As above, evolutionary analysis of a given behavior, cognition, or affect typically follows one of the two paths of inquiry: (1) from form to function or (2) from function to form (Buss 1995). Again, an analysis of the given behavior of interest – vaginal sex – will take the following form; what is the function of vaginal sex? There are two prevailing explanations as to the function of human vaginal sex, (1) (the somewhat obvious adaptive function) the production of offspring and therefore the proliferation of one’s genes in future generations and (2) the increase of partner’s relationship satisfaction (and thereby, fidelity). The former function refers to the fact that in the Environment of Evolutionary Adaptedness (EEA) for humans (roughly 10,000 years ago) – a time characterized by significant selection pressures in the environment which provided significant advantages in survival and reproduction for certain members of a species, with specific traits – modern medical technologies which enable individuals to conceive in the absence of penile-vaginal copulation were not available. Therefore, the production of offspring depended entirely upon fertilization as a result of penile-vaginal copulation between opposite-sex conspecifics. The necessity of sexual behavior (such as vaginal sex) for the survival and perpetuation of one’s genes has likely produced natural rewards for engaging in such behavior, such as the production and release of neurotransmitters that produce feelings of desire and pleasure (e.g., dopamine and serotonin) in the nucleus accumbens and the ventral tegmental area in the midbrain. Sexual behaviors are a “natural reinforcer” along with other behaviors that have been historically critical for survival and reproduction, such as eating, drinking, and seeking social connectedness. Activity in specific pathways of the brain (e.g., the nucleus accumbens and the ventral tegmental area) rewards individuals for and motivates individuals to engage in behaviors – like vaginal sex – which have been critical for the perpetuation of genes into subsequent generations. Put simply, were it not for the existence of vaginal sex and a desire to engage in vaginal sex, the human species would not continue to exist.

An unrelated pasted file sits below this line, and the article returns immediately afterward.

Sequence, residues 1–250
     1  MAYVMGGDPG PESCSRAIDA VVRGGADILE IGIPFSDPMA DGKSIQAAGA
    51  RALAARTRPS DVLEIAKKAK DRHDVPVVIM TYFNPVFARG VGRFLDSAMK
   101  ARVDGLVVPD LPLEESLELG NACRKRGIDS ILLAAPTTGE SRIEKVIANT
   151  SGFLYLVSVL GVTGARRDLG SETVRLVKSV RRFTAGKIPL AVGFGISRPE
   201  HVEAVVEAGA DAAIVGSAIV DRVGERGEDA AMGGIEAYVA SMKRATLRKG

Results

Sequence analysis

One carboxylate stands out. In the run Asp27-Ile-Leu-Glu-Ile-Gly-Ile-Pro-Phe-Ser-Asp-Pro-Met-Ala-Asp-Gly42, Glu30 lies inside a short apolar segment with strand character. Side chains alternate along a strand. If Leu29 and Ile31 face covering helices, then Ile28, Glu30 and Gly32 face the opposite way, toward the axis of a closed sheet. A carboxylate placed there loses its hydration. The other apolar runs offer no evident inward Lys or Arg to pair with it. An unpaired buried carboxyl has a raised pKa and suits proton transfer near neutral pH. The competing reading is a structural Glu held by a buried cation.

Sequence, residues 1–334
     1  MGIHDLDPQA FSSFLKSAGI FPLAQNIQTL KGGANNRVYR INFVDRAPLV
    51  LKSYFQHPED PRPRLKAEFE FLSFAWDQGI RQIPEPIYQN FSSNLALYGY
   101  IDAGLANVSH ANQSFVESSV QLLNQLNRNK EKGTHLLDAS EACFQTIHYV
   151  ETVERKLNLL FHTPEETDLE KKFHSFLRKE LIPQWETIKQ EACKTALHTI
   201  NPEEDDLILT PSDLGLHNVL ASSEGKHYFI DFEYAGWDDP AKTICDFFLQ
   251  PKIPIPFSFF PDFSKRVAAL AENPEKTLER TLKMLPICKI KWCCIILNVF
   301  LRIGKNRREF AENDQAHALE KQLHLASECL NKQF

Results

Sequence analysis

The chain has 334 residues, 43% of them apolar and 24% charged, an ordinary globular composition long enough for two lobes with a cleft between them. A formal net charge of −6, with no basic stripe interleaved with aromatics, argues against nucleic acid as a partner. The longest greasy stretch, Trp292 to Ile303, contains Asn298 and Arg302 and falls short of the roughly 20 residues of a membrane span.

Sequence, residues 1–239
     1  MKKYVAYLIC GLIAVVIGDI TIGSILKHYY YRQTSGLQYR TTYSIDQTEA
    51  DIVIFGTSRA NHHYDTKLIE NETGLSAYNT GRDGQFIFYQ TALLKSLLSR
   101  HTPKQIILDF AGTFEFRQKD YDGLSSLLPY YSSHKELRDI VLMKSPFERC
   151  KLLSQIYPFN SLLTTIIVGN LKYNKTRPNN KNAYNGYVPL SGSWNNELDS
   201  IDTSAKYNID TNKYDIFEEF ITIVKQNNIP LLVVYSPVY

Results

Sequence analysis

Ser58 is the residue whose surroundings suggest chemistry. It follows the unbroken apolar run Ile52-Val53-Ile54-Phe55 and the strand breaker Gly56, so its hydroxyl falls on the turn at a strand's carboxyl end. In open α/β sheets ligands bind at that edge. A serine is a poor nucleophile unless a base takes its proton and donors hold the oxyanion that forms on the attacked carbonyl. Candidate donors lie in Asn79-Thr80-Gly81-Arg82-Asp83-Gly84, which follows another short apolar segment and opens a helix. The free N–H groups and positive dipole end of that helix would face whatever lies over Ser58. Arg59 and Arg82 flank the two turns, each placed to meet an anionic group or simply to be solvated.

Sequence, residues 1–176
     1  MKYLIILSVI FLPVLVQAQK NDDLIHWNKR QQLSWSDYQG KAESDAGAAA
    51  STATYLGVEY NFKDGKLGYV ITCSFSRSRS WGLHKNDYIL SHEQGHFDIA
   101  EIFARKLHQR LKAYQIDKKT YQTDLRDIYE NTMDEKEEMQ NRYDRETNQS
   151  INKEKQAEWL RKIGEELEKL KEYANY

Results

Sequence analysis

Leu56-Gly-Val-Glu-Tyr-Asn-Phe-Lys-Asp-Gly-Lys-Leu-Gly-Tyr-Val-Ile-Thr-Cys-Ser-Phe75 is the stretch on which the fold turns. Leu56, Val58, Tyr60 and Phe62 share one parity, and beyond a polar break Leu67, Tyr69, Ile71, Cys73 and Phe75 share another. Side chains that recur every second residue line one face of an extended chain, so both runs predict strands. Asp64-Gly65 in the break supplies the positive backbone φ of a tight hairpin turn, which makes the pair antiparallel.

The second proposed function of vaginal sex – that it increases partner’s relationship satisfaction and fidelity – is partially supported throughout literature exploring the relationship between sexual satisfaction and relationship satisfaction. As mentioned above, the existence of a direct causal relationship between sexual satisfaction and relationship satisfaction is somewhat contentious; however, the use of vaginal sex to maintain a long-term bond between mates is supported in both the human and nonhuman animal literature. Among nonmonogamous species of primates, such as lemurs and chimpanzees, almost all of their vaginal sex takes place during periods of female peak fertility, ovulation (Gray and Garcia 2013). Therefore, one might infer that in these nonmonogamous species, vaginal sex serves the primary function of producing offspring and that vaginal sex is motivated by cues indicative of female receptivity. These cues can be detected by scent or sight; male tamarins display increased erections and mounting behaviors when exposed to the scent marks of an ovulating female tamarin and vaginal sex increases in frequency while female bonobos display a swollen perineum, which is indicative of female ovulation. It is important to note that while these cues have evolved to signal times of peak fertility to sexually mature males and therefore motivate vaginal sex behaviors, the accuracy of these cues is a matter of some debate. According to the graded-signal hypothesis, in nonmonogamous species that live in multi-male, multi-female groups, signals of ovulation vary in their strength to indicate variations in the probability of conception (Nunn 1999). For example, sexual swellings would vary in terms of their size with their largest expression indicative of the greatest probability of conception. This type of variable signaling provides benefits to both males and females of nonmonogamous species; it allows the males to preferentially engage in vaginal sex with fertile females, and it provides a sufficiently wide window of possible ovulation (i.e., “graded”) to produce paternity uncertainty – if males in these multi-male, multi-female social groups are unsure as to which offspring are their genetic relatives or that of their rivals, they will be less likely to engage in infanticide.

Alternatively, in monogamous species, such as gibbons and siamangs, vaginal sex (while taking place relatively infrequently) does take place during periods of female infertility (e.g., when a female is currently pregnant; Gray and Garcia 2013). There are several physical markers that indicate a species evolved to engage in monogamous mating in the context of long-term pair bonds – such as small testicles (indicative of infrequent sperm competition) and low sexual dimorphism (indicative of similar parental investment provided by males and females, and relatively infrequent male physical competition for access to mates). In fact, some scholars argue that monogamy may have evolved, in part, to solve the adaptive problem of producing and caring for offspring that require significant investment; for instance, due to a long juvenile period or ecological constraints that make acquiring enough resources to produce healthy offspring difficult without male–female cooperation.